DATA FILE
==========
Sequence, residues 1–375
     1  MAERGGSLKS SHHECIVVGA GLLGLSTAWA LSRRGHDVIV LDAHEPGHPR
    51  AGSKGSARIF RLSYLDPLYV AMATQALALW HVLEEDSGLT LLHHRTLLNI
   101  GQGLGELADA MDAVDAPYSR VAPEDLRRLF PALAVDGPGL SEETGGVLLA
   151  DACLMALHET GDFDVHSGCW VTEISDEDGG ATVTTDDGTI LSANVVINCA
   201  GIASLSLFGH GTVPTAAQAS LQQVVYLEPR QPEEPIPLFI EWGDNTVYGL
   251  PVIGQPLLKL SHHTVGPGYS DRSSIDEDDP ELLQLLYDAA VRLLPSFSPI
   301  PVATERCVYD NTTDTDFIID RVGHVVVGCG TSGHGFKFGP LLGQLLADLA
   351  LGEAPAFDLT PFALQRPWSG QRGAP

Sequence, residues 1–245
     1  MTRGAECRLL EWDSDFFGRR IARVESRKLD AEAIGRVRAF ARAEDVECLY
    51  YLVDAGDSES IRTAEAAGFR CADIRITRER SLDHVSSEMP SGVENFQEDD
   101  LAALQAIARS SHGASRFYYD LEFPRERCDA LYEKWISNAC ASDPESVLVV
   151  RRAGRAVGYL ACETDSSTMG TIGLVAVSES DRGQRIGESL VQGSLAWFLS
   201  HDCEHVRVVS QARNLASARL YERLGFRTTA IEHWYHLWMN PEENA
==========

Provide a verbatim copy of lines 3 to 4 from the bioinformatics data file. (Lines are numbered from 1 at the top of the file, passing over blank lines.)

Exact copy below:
    51  AGSKGSARIF RLSYLDPLYV AMATQALALW HVLEEDSGLT LLHHRTLLNI
   101  GQGLGELADA MDAVDAPYSR VAPEDLRRLF PALAVDGPGL SEETGGVLLA